The main objects ofthis invention are to provide an improved form of disposable self-contained sterile field surgical kit; to provide an improved kit of this kind formed of sheet material, sections of which are folded over into successive superimposed relationship onto an interior part adapted to retain the necessary instruments or operative means and, thereupon, be sterilized for storage so as to be readily available for subsequent opening to spread out the sheet for one-time use as a sterile field and to avail the sterilized contents for immediate use; to provide an improved kit of this kind for enclosing compactly-arranged surgical accessories available for use upon the opening of the kit; to provide a disposable selfcontained sterile field surgical kit of this kind which may be opened and the sheet spread out without the use of sterile instruments and absolutely free of normal incident of contamination; to provide a kit of this kind which, after effective sterilization, is suitable for storage without fear of contamination and subsequently available for instant use for general or emergency situations; and to provide an improved disposable sterile surgical kit of this kind of such simple construction as to make its manufacture and sterilization extremely economical, its use very facile, and its immunization from contamination by the patient or otherwise substantially certain.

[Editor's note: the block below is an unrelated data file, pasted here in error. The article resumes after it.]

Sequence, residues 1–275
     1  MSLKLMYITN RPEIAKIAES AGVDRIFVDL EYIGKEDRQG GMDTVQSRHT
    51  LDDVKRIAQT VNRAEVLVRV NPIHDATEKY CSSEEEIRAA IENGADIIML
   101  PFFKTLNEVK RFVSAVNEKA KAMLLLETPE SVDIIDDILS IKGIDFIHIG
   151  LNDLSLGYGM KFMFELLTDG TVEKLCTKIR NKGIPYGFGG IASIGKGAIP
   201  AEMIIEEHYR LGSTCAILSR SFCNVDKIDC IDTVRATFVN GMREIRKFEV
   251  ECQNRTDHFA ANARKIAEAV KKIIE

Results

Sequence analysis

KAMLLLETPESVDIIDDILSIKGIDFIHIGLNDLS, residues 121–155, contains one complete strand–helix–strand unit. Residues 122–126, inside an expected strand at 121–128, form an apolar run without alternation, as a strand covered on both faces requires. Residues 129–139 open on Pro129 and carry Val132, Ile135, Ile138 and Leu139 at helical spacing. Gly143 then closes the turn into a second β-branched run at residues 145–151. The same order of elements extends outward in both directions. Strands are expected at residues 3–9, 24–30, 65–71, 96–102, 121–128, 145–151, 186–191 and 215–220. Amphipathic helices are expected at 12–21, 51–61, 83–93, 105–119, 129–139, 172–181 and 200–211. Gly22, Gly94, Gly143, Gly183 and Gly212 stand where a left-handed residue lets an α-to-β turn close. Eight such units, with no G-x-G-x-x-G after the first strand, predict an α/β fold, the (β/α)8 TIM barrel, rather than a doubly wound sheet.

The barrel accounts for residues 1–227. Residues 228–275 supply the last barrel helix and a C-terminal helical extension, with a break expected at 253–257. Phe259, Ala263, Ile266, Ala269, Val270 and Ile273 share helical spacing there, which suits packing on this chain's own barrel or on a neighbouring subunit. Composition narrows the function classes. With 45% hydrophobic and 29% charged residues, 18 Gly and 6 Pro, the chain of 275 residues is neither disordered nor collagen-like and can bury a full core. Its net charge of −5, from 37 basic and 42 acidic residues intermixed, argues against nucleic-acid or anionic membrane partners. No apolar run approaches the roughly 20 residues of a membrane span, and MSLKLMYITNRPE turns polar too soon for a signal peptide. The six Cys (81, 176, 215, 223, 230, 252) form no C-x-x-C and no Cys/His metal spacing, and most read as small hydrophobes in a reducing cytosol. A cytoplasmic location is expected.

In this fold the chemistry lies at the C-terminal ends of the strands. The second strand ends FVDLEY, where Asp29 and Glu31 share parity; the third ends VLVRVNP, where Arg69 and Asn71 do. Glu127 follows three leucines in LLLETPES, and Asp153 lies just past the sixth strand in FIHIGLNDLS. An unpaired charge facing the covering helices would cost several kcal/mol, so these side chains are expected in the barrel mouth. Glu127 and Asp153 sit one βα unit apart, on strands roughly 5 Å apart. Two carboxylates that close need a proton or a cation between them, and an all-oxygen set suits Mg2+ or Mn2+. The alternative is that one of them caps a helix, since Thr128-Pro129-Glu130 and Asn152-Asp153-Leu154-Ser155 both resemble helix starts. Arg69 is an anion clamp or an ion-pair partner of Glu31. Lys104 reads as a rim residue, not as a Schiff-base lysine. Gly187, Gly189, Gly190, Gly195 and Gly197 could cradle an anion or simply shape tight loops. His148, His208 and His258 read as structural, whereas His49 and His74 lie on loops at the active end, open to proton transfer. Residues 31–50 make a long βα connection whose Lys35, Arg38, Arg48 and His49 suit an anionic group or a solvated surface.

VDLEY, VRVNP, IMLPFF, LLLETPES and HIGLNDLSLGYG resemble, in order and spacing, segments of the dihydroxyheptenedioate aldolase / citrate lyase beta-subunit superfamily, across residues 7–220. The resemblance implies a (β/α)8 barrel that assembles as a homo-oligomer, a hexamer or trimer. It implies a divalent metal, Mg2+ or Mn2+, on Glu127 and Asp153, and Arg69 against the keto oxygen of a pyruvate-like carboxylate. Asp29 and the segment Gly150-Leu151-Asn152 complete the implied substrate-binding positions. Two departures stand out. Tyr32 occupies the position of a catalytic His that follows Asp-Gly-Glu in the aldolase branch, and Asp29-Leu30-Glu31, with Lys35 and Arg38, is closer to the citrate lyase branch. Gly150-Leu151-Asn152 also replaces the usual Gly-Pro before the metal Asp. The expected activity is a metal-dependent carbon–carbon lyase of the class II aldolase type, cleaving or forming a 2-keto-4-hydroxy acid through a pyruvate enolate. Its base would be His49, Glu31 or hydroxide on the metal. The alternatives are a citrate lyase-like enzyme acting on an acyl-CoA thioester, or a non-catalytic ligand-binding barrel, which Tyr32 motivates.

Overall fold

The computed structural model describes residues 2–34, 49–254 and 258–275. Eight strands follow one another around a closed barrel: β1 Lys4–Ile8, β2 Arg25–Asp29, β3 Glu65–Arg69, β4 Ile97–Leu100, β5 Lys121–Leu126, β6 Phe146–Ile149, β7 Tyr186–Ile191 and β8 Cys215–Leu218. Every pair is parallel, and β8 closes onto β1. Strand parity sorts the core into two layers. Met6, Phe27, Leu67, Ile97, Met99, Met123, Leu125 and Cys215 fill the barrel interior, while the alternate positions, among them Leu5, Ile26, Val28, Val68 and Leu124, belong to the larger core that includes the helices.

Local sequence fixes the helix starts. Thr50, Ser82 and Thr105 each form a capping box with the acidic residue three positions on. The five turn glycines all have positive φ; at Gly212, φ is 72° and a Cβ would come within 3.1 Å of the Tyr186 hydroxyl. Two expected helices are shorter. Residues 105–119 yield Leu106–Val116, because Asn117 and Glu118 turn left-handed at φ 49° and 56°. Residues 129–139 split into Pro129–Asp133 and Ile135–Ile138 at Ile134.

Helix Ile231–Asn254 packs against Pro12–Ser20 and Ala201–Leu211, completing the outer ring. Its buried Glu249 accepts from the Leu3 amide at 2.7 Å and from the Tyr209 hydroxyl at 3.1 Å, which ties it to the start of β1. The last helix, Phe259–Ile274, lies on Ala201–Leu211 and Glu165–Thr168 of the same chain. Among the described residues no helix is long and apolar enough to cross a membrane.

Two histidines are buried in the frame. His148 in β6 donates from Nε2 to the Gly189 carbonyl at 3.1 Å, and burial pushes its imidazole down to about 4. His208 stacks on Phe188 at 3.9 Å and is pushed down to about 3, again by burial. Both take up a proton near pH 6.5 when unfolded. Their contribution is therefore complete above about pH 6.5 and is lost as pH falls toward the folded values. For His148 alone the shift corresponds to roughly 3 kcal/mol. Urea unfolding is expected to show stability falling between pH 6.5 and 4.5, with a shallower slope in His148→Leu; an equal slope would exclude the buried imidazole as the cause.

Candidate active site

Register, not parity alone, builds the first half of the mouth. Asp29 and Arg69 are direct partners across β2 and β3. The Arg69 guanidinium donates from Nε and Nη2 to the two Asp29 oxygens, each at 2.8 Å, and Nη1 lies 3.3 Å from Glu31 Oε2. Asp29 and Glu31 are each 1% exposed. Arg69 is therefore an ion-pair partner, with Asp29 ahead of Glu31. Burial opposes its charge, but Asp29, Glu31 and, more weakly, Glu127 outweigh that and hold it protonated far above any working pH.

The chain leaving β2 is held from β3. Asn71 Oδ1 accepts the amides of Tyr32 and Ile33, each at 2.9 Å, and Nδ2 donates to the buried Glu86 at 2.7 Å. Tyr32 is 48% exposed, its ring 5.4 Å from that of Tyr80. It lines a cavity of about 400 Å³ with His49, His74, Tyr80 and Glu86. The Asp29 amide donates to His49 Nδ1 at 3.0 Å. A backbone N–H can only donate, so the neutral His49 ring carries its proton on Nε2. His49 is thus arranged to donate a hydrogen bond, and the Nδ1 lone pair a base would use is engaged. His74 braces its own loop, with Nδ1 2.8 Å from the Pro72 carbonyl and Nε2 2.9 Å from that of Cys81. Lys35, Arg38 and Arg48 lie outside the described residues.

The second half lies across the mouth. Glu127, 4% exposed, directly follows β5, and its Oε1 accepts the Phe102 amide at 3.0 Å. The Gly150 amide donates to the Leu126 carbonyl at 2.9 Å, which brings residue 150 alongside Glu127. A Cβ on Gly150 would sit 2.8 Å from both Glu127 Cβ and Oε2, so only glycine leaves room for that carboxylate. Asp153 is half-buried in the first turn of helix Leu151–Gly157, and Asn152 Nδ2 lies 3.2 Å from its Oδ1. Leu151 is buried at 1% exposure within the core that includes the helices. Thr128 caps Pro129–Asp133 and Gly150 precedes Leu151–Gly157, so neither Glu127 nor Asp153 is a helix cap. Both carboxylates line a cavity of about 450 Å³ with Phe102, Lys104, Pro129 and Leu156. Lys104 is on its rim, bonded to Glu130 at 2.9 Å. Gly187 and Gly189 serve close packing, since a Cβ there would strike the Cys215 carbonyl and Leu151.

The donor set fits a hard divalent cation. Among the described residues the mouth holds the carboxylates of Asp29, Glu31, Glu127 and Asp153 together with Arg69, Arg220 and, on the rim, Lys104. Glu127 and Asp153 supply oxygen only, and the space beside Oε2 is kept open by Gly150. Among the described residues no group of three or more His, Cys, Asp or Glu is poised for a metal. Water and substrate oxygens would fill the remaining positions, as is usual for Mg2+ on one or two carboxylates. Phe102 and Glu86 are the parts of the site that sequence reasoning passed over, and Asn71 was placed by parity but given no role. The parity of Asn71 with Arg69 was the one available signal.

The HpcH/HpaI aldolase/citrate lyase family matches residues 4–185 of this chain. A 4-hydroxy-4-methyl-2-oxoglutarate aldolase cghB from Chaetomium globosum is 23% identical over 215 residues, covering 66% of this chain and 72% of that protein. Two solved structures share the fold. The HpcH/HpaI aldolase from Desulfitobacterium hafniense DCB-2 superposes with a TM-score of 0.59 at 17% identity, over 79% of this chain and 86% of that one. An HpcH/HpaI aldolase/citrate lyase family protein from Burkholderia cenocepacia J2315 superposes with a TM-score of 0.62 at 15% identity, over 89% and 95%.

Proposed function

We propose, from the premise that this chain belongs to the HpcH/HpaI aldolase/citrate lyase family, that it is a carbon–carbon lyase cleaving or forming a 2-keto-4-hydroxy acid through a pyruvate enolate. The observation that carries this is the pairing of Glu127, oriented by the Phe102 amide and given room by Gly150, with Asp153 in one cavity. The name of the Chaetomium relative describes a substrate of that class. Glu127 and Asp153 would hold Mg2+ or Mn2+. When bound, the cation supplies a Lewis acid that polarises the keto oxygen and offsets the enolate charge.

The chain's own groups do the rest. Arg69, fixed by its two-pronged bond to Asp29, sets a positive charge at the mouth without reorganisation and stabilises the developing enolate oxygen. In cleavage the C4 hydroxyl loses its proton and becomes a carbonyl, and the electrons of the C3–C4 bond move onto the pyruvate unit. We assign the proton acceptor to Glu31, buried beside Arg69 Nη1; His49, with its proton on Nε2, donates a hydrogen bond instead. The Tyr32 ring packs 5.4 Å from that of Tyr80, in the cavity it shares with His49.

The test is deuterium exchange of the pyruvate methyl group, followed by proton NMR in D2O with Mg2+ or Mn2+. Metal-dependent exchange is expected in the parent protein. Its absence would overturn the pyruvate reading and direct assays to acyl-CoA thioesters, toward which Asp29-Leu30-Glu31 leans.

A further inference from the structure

Specific embodiments of this invention are shown in the accompanying drawings in which:
FIGURE 1 is a miniature perspective view of an enveloped, disposable, sterile field, surgical kit constructed in accordance with this invention;
FIG. 2 is a plan view showing one form of the invention as initially made preparatory to being folded for packaging, the sheet comprising the sterile field having scores and slits to facilitate folding of the several sections of the sheet into compact superimposed relationship on the interior part and encasing desired accessories,-
whereupon it is insertable into an envelope for sterilization and storage ready for later use;
FIG. 3 is a perspective view of the same illustrating the manner in which the several portions and sections of the sterile field sheet are folded into final superimposed relationship to constitute a kit in accordance with this invention;